Building a sub-notebook that weighs less than its predecessor yet sports a larger screen may seem contradictory, but Sony's engineers have pulled it off: The carbon-fiber-cased Vaio TX series boasts an 11.1-inch-diagonal widescreen display, while tipping the scales at just 2.8 pounds yes, including a DVD±RW drive as well as a 60GB hard disk. If you resisted the combination of ultra-portable convenience and no-hotspot-required Web and e-mail access before, the TX makes resistance even harder if, that is, you don't balk at the premium price.
That price starts at $2,000 for a model with 512MB of memory and a DVD-ROM/CD-RW combo drive and climbs to $2,600 for our TX670P test unit with 1GB of memory and the DVD±RW burner. The latter features comes with what seems to be the world's smallest eject button: So tiny that you press it with just the tip of a fingernail, it takes some groping and poking along the right edge of the laptop whenever you want to load or remove a disc.
The display screen reflects equally strenuous slimming; Sony claims it's no thicker than a stack of four credit cards, yet more than twice as sturdy or crack-resistant than its predecessor. With an overall system size of 7.7 by 10.7 by 1.1-inches, the Vaio fits easily on an airline tray table, even with the screen tilted back, even with the clod in front of you reclined at a dentist's-chair angle.
Featuring Sony's XBrite glossy black rather than gray finish, the LCD is bright and sharp enough for everyday text, splashy color images and crisp DVD movies alike, though its 1,366 by 768 resolution leaves text and icons a bit on the small side.
The TX670P wears one of Intel's Centrino stickers, testifying to its combination of the chipmaker's Pentium M 753 processor, 915GMS integrated-graphics chipset, and Pro/Wireless 2200BG 802.11b/g wireless network adapter.
The TX670P touts what Sony calls SmartWi technology, starring a software utility that helps you switch between 802.11b/g WiFi and Cingular's slower but much more widespread EDGE data network, as well as making Bluetooth connections. Once you finish Cingular's free 30-day trial, the carrier charges $80 a month for unlimited surfing and e-mailing (a two-year, $60/month special for Cingular voice customers is available through December 31, 2005).
The new Vaio also touts an A/V or instant mode a second power button, accompanied by CD/DVD play/pause, next, previous, stop and eject buttons, that fires up without waiting for Windows to boot when you're in the mood for movies or music. However, the TX's miniscule stereo speakers are too weak for high-quality audio.
On the front edge of the laptop, you'll find a Secure Digital memory-card slot, Sony's house-brand Memory Stick slot, as well as headphone and microphone jacks, volume controls and a power switch for the wireless components. (In even more precise power-savings, a dialog box at startup lets you choose to turn off the optical drive for a bit more battery life.)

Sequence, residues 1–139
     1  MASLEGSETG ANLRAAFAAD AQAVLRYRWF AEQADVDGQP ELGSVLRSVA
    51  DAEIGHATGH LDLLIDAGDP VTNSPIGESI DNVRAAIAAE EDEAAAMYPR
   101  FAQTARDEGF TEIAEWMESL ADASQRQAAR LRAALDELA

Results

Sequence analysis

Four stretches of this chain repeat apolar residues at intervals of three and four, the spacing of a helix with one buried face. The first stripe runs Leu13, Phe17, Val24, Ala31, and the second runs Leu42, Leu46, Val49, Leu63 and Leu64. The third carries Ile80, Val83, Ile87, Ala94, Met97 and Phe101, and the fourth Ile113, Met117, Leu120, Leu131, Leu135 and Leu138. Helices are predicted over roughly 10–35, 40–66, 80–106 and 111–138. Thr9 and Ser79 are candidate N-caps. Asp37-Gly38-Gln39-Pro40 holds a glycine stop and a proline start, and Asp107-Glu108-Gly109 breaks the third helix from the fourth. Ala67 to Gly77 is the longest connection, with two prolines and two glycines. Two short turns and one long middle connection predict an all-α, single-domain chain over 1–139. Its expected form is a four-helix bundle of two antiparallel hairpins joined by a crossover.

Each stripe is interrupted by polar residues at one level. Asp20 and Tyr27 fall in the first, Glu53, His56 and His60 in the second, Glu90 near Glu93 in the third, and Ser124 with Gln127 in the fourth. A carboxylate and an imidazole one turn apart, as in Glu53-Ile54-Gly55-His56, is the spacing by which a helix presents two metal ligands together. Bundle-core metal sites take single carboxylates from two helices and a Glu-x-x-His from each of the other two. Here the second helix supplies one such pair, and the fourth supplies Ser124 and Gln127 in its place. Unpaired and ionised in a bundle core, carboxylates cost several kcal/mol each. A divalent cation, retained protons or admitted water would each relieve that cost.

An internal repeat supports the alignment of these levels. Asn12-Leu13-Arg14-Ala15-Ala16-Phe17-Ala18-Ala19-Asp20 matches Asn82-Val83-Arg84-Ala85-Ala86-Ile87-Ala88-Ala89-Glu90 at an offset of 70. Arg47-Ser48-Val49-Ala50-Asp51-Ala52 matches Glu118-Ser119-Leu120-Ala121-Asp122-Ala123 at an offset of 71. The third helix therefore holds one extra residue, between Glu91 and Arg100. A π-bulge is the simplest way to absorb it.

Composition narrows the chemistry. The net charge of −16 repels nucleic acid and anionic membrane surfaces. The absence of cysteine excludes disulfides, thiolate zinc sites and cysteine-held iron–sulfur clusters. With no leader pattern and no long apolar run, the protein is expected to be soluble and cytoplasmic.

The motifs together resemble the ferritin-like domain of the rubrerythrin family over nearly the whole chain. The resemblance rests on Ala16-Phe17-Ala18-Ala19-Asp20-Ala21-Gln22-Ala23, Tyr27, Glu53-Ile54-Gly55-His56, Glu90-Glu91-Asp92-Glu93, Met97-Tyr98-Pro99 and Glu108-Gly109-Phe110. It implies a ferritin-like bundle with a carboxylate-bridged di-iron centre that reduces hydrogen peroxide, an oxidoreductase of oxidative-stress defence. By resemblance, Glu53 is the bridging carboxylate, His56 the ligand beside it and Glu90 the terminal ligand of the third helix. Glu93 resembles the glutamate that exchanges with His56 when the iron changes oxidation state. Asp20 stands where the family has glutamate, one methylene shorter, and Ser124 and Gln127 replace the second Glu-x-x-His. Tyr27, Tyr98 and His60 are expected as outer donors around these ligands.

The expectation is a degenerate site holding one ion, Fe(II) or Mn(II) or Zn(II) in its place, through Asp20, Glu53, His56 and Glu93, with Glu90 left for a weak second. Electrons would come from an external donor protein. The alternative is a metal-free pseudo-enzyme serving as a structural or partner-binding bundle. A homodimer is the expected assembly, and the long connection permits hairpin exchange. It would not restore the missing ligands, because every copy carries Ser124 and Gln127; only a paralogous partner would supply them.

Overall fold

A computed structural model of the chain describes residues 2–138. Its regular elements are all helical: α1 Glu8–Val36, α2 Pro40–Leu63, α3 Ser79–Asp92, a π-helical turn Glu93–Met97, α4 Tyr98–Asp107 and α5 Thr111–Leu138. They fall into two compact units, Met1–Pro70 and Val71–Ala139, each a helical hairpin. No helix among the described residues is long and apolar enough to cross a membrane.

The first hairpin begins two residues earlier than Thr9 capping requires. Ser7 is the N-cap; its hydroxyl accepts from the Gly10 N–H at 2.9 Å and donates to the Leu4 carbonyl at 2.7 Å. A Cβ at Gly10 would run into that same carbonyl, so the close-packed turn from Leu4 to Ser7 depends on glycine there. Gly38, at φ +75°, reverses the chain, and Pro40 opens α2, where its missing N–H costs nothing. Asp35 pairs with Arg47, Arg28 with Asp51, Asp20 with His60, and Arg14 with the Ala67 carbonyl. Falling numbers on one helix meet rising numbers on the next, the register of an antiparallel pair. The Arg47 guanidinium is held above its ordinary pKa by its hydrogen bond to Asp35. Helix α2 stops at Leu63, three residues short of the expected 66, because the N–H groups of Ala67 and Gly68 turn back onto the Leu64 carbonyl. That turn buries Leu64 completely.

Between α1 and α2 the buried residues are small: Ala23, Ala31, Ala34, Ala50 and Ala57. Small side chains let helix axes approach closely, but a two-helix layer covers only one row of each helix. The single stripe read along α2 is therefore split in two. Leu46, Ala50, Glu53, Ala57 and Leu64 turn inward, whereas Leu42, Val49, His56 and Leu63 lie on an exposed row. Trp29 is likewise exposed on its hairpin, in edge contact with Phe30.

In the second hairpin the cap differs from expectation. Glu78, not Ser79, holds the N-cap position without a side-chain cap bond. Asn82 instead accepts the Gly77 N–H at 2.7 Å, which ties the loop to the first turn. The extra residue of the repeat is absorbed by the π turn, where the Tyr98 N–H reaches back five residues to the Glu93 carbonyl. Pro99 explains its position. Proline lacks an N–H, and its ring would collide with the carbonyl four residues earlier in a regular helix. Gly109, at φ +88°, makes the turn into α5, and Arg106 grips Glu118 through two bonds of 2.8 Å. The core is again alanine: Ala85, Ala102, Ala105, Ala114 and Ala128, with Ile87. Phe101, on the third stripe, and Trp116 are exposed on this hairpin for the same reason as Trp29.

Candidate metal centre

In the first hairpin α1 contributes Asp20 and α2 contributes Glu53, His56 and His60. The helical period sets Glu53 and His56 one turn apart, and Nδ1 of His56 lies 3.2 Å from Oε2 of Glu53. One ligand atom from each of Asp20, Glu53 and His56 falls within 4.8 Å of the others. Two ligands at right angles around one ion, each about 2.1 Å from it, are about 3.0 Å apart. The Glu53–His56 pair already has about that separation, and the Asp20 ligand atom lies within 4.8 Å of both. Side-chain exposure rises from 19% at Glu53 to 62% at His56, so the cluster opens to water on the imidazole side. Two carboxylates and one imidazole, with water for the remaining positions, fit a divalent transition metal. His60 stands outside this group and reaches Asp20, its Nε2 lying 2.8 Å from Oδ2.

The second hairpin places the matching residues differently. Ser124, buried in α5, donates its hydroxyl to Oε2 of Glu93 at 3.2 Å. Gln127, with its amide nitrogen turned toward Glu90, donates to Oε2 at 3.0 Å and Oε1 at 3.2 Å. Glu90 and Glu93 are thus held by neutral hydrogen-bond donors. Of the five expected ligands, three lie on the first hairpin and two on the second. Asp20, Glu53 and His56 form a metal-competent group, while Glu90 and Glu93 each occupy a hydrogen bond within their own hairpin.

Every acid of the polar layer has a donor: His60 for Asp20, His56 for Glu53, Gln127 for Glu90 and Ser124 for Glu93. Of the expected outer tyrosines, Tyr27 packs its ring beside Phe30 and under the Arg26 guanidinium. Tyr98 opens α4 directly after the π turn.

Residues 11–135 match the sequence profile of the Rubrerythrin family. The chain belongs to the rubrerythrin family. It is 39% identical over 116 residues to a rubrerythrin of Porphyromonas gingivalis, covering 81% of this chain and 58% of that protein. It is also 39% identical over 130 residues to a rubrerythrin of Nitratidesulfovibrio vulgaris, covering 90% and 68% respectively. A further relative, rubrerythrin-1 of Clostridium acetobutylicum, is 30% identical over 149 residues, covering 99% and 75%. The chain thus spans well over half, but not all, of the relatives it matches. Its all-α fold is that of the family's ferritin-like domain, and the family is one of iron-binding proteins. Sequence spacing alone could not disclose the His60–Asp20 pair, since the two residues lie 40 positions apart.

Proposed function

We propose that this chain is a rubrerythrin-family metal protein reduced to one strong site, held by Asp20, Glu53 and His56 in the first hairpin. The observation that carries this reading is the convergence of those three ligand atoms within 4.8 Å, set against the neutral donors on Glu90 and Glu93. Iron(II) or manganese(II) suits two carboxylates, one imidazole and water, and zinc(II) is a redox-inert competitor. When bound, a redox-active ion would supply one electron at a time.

The super-svelte DVD burner is on the system's right side, along with a VGA connector. Two USB 2.0 ports, a V.92 modem jack, and one Type II PC Card slot are on the left side, with 10/100Mbps Ethernet and IEEE 1394 ports at the rear.
Slightly Cramped Style
he TX670P wins points for answering both of our laptop-keyboard prayers: The Ctrl key is in its proper place at the bottom left corner, not pushed aside by the Fn or special shift key, while the Delete key is ideally situated in the top right corner. The Fn key pairs with the cursor arrows in the usual substitute for dedicated Home, End, PgUp, and PgDn keys.
The Vaio's keyboard is about 90 percent the size of a desktop unit, with 17mm pitch or spacing between keys. That's quite accommodating, but it still takes a bit of practice and adjustment before you can type comfortably, especially because the keyboard feels flat, with a shallower stroke or keypress movement than a desktop's.
After a while, however, we were typing at almost our usual speed on the little Vaio, as well as enjoying the smooth, good-sized touchpad with large left and right mouse buttons on the system's front edge.
The computer plus its AC adapter add up to all of 3.5 pounds of carry-on luggage, and you won't be reaching for the adapter too often: Even in fairly disk-intensive software-installing as well as word processing and spreadsheet work sessions, we averaged four hours and 40 minutes and once touched the five-hour mark on a battery charge.
Along with Windows XP Professional SP2, Sony preloads its usual generous bundle of software including its Click to DVD mastering, DVgate Plus video editing, and SonicStage digital music programs. Microsoft Works 8.0 is joined by a 60-day trial of Microsoft Office 2003 Small Business Edition (the one with a beefed-up contact manager added to Outlook), while InterVideo's WinDVD and starter editions of Intuit's Quicken and Adobe's Photoshop Album round out the package.
As you can tell, we like the Vaio TX670P a lot; it's a terrific productivity solution for swank, jet-setting execs. That said, it gets another four- instead of our rare five-star review score mainly because of the swank factor: The notebook plus your first year's Cingular data subscription equals $3,480, which is painfully pricey in this age of affordable laptops (i.e., more than enough to buy a slightly heavier portable plus a powerful desktop PC). But that's not the heroic Sony engineers' fault.
- A widescreen notebook with DVD burner? Hard to believe it's only a two-and-three-quarter-pounder
- Roaming EDGE wireless as well as Wi-Fi; impressive battery life
- Smallish keyboard; largish price
Adapted from hardwarecentral.com.
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